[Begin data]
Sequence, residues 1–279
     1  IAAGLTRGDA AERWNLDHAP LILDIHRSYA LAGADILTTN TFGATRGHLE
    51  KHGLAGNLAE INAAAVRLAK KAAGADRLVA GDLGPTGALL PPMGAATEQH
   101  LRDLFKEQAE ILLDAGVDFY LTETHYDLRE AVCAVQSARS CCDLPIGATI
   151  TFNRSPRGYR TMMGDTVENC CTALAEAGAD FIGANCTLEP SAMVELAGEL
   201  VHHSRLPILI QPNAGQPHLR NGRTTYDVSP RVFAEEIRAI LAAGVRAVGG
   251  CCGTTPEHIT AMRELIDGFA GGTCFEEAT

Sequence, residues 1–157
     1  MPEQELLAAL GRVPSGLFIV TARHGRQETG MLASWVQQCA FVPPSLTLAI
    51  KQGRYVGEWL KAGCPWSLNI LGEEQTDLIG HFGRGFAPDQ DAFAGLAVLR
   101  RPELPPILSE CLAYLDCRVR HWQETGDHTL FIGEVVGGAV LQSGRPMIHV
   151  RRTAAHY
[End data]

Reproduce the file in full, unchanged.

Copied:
Sequence, residues 1–279
     1  IAAGLTRGDA AERWNLDHAP LILDIHRSYA LAGADILTTN TFGATRGHLE
    51  KHGLAGNLAE INAAAVRLAK KAAGADRLVA GDLGPTGALL PPMGAATEQH
   101  LRDLFKEQAE ILLDAGVDFY LTETHYDLRE AVCAVQSARS CCDLPIGATI
   151  TFNRSPRGYR TMMGDTVENC CTALAEAGAD FIGANCTLEP SAMVELAGEL
   201  VHHSRLPILI QPNAGQPHLR NGRTTYDVSP RVFAEEIRAI LAAGVRAVGG
   251  CCGTTPEHIT AMRELIDGFA GGTCFEEAT

Sequence, residues 1–157
     1  MPEQELLAAL GRVPSGLFIV TARHGRQETG MLASWVQQCA FVPPSLTLAI
    51  KQGRYVGEWL KAGCPWSLNI LGEEQTDLIG HFGRGFAPDQ DAFAGLAVLR
   101  RPELPPILSE CLAYLDCRVR HWQETGDHTL FIGEVVGGAV LQSGRPMIHV
   151  RRTAAHY